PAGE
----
This is similar to what I think is going on with some (but certainly not all) instances of Christians who should know better liking books that are a doctrinal nightmare. If the books are well-written and engaging, they will, like a well-dressed charming guy, be liked by a lot of people. They will also, if their readers let their guards down too far, be very formative reads. And you, as the semi-objective observer, need to reckon with this whole process so you are not a jerk when someone recommends one of these gems to you. I learned this the hard way (and that’s perhaps the subject of another post) and now will usually decline to read the book, but will ask follow up questions about why the book was liked in the first place. Where I can affirm, I try to affirm, and in general I try to avoid being critical. Just like the friends don’t get anywhere telling the girlfriend everything wrong her man, you’re probably not going to get anywhere giving unsolicited criticism to someone’s reading choices, awful or not (and you might alienate a friend in the process).

Now, if they ask for you opinion, that’s a different story entirely, and a fruitful dialogue might be on your horizon. But, that doesn’t happen often, which I take to mean you shouldn’t be the perennial book critic often either (unless publishers are sending them to you for that purpose). I would just try to rest content that God can and does use books that are perhaps an embarrassment to Christian theology to teach and instruct his children. That shouldn’t be encouraged, but if God can communicate to Balaam through the mouth of an ass, He can speak to your friends through a book like The Shack.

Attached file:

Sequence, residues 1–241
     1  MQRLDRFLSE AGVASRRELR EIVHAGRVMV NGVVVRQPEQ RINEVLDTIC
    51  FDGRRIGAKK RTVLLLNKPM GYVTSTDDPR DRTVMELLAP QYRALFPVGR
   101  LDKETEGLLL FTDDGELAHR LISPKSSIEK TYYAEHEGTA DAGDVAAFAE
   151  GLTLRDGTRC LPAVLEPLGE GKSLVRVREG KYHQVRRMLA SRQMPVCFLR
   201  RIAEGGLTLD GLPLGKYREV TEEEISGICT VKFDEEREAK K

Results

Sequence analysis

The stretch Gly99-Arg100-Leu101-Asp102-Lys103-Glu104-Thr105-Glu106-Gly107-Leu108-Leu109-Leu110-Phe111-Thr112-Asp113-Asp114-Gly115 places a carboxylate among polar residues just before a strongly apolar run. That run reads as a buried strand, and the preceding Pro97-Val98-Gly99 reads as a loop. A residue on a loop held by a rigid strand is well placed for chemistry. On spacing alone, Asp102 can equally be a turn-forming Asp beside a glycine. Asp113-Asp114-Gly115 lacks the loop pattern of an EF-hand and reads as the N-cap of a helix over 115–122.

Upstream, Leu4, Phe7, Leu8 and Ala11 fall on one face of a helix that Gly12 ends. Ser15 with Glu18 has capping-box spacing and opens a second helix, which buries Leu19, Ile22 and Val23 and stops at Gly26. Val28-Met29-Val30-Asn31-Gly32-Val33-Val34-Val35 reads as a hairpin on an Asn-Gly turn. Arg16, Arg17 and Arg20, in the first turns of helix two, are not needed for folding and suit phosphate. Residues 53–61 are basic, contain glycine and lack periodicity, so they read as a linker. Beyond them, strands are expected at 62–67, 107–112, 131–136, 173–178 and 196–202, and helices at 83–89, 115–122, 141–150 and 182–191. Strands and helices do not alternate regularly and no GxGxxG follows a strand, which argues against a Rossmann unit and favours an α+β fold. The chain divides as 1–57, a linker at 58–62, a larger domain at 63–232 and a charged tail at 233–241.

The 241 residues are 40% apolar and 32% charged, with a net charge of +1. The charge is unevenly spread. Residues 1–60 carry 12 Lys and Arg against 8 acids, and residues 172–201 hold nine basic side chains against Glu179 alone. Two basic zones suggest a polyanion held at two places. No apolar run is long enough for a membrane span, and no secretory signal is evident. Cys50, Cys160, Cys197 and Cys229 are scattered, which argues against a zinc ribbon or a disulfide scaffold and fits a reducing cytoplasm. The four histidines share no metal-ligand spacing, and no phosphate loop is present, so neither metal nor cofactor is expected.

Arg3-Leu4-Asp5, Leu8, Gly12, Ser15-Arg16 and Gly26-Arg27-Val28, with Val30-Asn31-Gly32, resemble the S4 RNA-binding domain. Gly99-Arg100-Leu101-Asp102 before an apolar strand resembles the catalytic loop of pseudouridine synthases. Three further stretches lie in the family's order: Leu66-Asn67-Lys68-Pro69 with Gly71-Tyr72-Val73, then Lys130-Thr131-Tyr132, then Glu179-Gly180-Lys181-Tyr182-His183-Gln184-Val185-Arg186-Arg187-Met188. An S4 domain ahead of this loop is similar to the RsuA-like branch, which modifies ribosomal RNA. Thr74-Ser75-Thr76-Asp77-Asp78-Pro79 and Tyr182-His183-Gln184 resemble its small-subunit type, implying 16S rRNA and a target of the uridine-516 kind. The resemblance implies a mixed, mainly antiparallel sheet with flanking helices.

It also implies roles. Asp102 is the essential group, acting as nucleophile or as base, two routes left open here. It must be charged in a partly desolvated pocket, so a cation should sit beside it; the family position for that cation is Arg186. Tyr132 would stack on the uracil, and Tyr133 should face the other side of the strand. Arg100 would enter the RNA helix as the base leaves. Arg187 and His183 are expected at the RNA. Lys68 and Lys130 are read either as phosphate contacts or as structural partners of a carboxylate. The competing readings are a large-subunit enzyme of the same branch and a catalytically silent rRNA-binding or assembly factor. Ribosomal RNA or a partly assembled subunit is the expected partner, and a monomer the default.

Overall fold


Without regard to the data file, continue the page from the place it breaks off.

And if you really don’t like the the fact that awful books keep making the best seller list…then write something better.


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I’m an avid reader, musician, and high school Bible teacher living in central Florida. I have many paperback books and our house smells of rich glade air freshners. If you want to know more, then let’s connect!

4 responses to Why (I Think) People Like Awful Christian Books

  1. Hi Nate, you make great points that the Lord may have truly spoken to people through ‘bad’ books, and also how we need to ask them “what did you like about this book” instead of just assuming they loved the bad theology! We need to be humble in our approach.

    I suppose the stronger a relationship, or the more influence we possess with the person, would allow us greater freedom to express our opinions on these books. Do you have any thoughts on how someone could use their theological understanding to guard others from bad theology, while also being humble and not losing the friend in the process?

    • Lindsay,

      I do have some thoughts, but it’s probably the subject of a different post entirely. I’m thinking of making this into a series, so if I do, that’ll be the next post. You’re on the right track with the relationship aspect though.


  2. Nate –

    I agree that most Christian fiction novels (or movies) are terrible. But, I always thought it was interesting that Eugene Peterson (whom I deeply respect) say The Shack as a valuable novel. I do understand some sticking points on theology, though I do appreciate, at times, challenges to typical American evangelical theological perspectives.

    • Definitely agree on novels and movies. It is interesting that Peterson recommends The Shack, but I think most of the challenges to American evangelical perspectives are off target and unhelpful. The only positive take-away in the book is the emphasis on love, but that’s an emphasis we don’t need emphasized (or at least not in the way The Shack does). In the end, Eugene Peterson recommendation or not, it’s a book that’s mostly garbage, but I recognize that it has been helpful for many people that have read it. God works in spite of the mountain of theological and devotional shortcomings in the book.